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April 13, 2005 

Third Circuit Reinstates Conviction of Businessman Found Guilty of Engaging in Illegal Trade With Cuba

The U.S. Court of Appeals for the Third Circuit today reinstated the conviction of Stefan Brodie, a Philadelphia-area businessman who was found guilty by a jury in 2002 of conspiring to violate the U.S. embargo on Cuban, but then was acquitted by the trial judge.

By way of background, in October 2000, following an investigation that lasted nearly five years, the U.S. Attorney for the Eastern District of Pennsylvania indicted Bro-Tech Corp., a Delaware corporation that trades under the name "The Purolite Company", of making illegal sales of ion exchange resins to Cuba. Ion exchange resins are used for water and waste water treatment. Also indicted were Stefan Brodie, the company's co-owner, president and CEO, Stefan's brother Don Brodie, the company's co-owner and executive vice-president and James Sabzali, a Canadian citizen and the company's sales manager and director of marketing. Each of them was indicted on one count of conspiracy to violate the provisions of the Trading with the Enemy Act of 1917 ("TWEA") and the Cuban Assets Control Regulations ("CACRs") and 75 counts of substantive violations of TWEA and the CACRs. See Forbidden Trade, The U.S. Hard Line on Exports to Cuba (The Export Practitioner Nov. 2002).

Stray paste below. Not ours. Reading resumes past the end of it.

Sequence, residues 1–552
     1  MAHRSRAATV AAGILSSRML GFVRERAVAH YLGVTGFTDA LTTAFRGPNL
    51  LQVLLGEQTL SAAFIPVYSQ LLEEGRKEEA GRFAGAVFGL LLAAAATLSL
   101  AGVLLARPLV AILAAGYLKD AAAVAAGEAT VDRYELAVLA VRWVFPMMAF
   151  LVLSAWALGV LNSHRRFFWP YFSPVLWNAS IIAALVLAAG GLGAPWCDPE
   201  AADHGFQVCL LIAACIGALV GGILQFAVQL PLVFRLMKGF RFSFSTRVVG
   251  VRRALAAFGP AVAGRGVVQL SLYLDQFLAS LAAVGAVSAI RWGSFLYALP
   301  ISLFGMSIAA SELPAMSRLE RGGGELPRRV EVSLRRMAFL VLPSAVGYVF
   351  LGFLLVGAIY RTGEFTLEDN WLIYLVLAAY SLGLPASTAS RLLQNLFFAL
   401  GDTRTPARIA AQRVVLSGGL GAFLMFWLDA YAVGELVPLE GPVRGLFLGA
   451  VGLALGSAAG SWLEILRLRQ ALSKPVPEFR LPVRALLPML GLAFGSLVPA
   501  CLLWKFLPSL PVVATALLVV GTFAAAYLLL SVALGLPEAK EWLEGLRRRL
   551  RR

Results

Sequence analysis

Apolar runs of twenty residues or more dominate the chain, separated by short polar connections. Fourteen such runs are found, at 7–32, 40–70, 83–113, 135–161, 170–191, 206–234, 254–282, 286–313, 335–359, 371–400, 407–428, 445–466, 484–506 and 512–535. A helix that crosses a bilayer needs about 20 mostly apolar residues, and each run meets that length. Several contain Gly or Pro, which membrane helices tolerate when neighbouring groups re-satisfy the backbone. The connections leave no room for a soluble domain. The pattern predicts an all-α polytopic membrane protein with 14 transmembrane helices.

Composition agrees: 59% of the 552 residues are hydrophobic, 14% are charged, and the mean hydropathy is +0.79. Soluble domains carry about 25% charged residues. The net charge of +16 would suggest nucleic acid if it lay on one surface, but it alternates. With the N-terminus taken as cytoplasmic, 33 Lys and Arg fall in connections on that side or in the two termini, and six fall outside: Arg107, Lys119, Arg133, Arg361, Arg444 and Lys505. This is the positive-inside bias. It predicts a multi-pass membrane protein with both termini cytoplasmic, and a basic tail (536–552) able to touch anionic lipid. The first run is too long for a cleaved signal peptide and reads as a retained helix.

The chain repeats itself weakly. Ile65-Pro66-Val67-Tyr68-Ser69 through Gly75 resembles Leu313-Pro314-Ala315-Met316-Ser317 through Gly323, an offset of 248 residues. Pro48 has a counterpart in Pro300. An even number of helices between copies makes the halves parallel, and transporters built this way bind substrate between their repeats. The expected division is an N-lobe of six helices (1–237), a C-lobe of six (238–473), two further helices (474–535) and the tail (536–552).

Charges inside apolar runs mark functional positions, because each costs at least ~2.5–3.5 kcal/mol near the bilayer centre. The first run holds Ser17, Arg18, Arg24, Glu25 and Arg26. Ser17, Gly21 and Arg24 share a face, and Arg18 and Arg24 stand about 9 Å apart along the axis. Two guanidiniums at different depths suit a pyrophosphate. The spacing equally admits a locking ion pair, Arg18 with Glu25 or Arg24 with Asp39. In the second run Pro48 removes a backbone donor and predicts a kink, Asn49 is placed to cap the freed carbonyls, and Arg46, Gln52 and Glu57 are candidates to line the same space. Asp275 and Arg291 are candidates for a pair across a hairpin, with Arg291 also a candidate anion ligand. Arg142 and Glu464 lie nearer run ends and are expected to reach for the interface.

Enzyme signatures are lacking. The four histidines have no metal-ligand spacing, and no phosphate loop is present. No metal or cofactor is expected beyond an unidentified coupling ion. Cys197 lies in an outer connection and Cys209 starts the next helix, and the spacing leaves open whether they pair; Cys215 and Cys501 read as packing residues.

The indictments alleged that during much of the 1990s, Bro-Tech sold ion exchange resins to Cuba through intermediary companies in Canada, Mexico and Europe. The indictment also alleged that several U.S. based employees of Bro-Tech were aware of and facilitated such sales and that several Canadian Bro-Tech employees, including James Sabzali, were reimbursed for their business-related travel to Cuba by staff located in the company's Pennsylvania headquarters. During the three-week trial held before Judge Mary A. McLaughlin in 2002, the prosecution and defense focused on whether the defendants had "knowingly" and "willingly" violated the provisions of U.S. law that prohibits U.S. persons from engaging in or facilitating the unlicensed sales of goods to Cuba.